The journeys I made are at the heart of my salt practice, and they are framed by my understanding of Glissant’s concept of the poetics of Relation and the interlinked journeying of détour and retour. […]

Through […] three types of journeys, I set out the […] four projects (chapters) which develop a salting practice in the détour and return to questions of regeneration in Brixton in the retour. These journeys are the basis on which I build my argument for a poetics of re-generation that uses salting practice as a poetic and material case study. […]



Abstract 5

List of images 11

List of abbreviations 14

Acknowledgements 15

Prologue 19

Introduction: In search of salted earth 23

Questions and aims of the thesis 32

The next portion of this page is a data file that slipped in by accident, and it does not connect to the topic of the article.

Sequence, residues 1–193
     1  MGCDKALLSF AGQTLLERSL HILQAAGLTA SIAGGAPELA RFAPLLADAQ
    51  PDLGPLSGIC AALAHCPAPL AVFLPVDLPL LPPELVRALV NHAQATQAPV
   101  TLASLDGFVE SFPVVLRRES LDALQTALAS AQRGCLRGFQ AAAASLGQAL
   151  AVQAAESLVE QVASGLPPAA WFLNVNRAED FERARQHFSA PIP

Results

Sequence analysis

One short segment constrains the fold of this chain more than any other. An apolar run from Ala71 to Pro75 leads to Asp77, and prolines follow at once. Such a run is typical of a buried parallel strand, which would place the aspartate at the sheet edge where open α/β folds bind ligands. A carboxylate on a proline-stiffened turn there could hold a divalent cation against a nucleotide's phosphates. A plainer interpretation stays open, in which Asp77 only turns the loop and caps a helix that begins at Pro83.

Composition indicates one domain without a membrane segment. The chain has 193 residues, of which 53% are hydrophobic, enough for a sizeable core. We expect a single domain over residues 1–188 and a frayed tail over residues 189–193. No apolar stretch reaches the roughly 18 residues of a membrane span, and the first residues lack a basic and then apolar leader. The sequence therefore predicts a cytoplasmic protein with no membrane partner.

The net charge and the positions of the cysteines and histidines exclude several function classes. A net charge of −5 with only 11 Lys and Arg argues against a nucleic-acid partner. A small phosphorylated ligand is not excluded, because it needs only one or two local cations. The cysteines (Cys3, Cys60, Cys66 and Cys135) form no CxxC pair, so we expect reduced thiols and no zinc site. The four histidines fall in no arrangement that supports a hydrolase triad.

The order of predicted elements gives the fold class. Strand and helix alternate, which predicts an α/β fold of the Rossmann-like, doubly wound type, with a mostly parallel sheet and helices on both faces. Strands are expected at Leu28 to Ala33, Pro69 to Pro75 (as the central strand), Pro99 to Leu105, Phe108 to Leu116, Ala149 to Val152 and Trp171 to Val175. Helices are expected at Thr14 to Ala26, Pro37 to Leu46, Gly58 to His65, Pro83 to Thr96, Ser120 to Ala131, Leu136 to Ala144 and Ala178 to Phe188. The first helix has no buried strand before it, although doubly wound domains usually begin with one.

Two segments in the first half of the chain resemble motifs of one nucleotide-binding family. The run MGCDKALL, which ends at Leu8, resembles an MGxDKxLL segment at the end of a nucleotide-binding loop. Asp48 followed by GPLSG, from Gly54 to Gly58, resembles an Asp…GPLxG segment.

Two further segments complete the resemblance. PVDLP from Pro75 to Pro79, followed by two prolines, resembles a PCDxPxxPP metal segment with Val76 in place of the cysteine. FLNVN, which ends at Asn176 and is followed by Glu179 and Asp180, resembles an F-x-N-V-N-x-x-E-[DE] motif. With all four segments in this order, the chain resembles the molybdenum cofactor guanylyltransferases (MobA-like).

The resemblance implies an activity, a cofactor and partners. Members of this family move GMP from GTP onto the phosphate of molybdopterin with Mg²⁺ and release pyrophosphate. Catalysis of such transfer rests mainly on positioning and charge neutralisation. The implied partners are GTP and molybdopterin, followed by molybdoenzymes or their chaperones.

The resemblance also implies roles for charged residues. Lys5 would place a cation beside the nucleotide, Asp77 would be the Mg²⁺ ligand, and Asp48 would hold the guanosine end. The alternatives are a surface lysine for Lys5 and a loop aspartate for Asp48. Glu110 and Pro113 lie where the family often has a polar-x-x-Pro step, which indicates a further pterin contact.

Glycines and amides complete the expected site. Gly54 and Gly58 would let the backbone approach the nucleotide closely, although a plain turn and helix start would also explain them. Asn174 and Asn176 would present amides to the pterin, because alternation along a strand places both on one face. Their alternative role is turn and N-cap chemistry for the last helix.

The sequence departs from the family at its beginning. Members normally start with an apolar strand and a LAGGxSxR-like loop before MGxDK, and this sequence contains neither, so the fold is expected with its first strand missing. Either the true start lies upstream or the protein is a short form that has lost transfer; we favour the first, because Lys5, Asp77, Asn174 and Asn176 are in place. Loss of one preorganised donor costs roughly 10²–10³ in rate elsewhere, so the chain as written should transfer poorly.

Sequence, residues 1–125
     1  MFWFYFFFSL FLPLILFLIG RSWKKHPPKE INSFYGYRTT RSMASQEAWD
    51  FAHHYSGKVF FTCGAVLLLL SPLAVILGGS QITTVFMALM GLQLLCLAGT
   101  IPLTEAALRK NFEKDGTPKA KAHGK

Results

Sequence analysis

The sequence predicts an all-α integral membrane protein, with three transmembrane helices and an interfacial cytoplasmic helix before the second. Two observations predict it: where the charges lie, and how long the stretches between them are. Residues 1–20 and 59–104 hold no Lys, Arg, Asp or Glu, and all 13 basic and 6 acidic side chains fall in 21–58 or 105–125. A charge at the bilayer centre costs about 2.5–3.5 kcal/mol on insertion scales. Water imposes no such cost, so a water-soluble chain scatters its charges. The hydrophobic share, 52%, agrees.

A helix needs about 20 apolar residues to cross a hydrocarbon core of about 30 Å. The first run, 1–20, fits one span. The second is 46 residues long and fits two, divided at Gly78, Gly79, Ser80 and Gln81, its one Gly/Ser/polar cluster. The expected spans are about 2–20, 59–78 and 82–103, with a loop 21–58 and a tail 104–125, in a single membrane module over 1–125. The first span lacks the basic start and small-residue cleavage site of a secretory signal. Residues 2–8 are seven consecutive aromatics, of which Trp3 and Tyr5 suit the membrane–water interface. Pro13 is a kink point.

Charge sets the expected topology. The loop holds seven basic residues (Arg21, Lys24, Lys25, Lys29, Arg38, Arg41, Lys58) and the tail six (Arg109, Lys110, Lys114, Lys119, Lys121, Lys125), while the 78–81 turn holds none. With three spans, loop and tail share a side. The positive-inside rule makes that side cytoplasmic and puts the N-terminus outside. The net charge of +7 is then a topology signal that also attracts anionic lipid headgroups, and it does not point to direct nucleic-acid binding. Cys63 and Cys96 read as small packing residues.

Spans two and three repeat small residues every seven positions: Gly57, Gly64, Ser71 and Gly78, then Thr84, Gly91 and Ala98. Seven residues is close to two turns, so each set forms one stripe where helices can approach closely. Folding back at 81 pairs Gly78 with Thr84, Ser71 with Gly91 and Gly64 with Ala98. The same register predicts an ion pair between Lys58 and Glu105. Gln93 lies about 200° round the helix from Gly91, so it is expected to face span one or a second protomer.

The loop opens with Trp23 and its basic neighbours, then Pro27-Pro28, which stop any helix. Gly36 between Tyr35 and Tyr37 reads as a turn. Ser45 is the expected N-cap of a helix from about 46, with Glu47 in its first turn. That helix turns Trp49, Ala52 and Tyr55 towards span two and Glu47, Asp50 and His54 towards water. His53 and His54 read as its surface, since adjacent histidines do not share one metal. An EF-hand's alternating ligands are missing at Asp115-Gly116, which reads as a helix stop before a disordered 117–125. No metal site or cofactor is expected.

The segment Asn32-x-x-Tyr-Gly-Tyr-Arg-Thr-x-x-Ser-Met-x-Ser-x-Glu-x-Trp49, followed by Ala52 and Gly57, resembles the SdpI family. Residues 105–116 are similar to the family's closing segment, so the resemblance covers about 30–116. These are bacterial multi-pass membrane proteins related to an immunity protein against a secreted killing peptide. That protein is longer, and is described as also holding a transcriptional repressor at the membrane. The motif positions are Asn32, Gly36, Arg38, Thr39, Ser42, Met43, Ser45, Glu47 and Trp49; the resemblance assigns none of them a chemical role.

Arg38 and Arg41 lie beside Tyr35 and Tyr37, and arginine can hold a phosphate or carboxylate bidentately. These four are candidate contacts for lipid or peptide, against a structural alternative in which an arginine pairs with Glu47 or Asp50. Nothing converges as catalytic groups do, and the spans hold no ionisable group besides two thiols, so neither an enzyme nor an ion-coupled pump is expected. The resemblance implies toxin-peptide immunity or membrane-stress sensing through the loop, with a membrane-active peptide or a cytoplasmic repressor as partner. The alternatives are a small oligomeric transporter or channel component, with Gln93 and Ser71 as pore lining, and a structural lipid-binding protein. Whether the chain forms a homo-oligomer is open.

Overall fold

The journey as structuring device: Détour and Retour 34

Structure of the thesis 37

Part I 41

Section 1: Salting practices: A ‘poetics of Relation’ 43

The Poetics of Salt 47

The poetics of salt in art practice 52

A poetics of the index 58

Towards a ‘poetics of Relation’ 65

Section 2: Journeys and narratives of Détour and Retour 75

Détour and retour 78

Migrations and diasporas 84

Travel, journey and pilgrimage 88

(Home) place and entanglement 91

Regeneration 96

Brixton 100

Section 3: Salting practices in Brixton 109

Practice-based research 112

Site- and place-specificity 116

Writing (and travelling) 123

Practising Brixton: Performance, ritual, re-making 126

Salting practices 129

Part II 135

Project 1: Journey to South Africa (and back): Don’t Look Back (2010)/ Memory Preservation Salts (2011) 137

Introduction 139

Section 1: Journey to South Africa (détour) 143

The Journey 157

Starter Culture and Khlebosolny (2009-) 159

Family Photograph (2009) 1638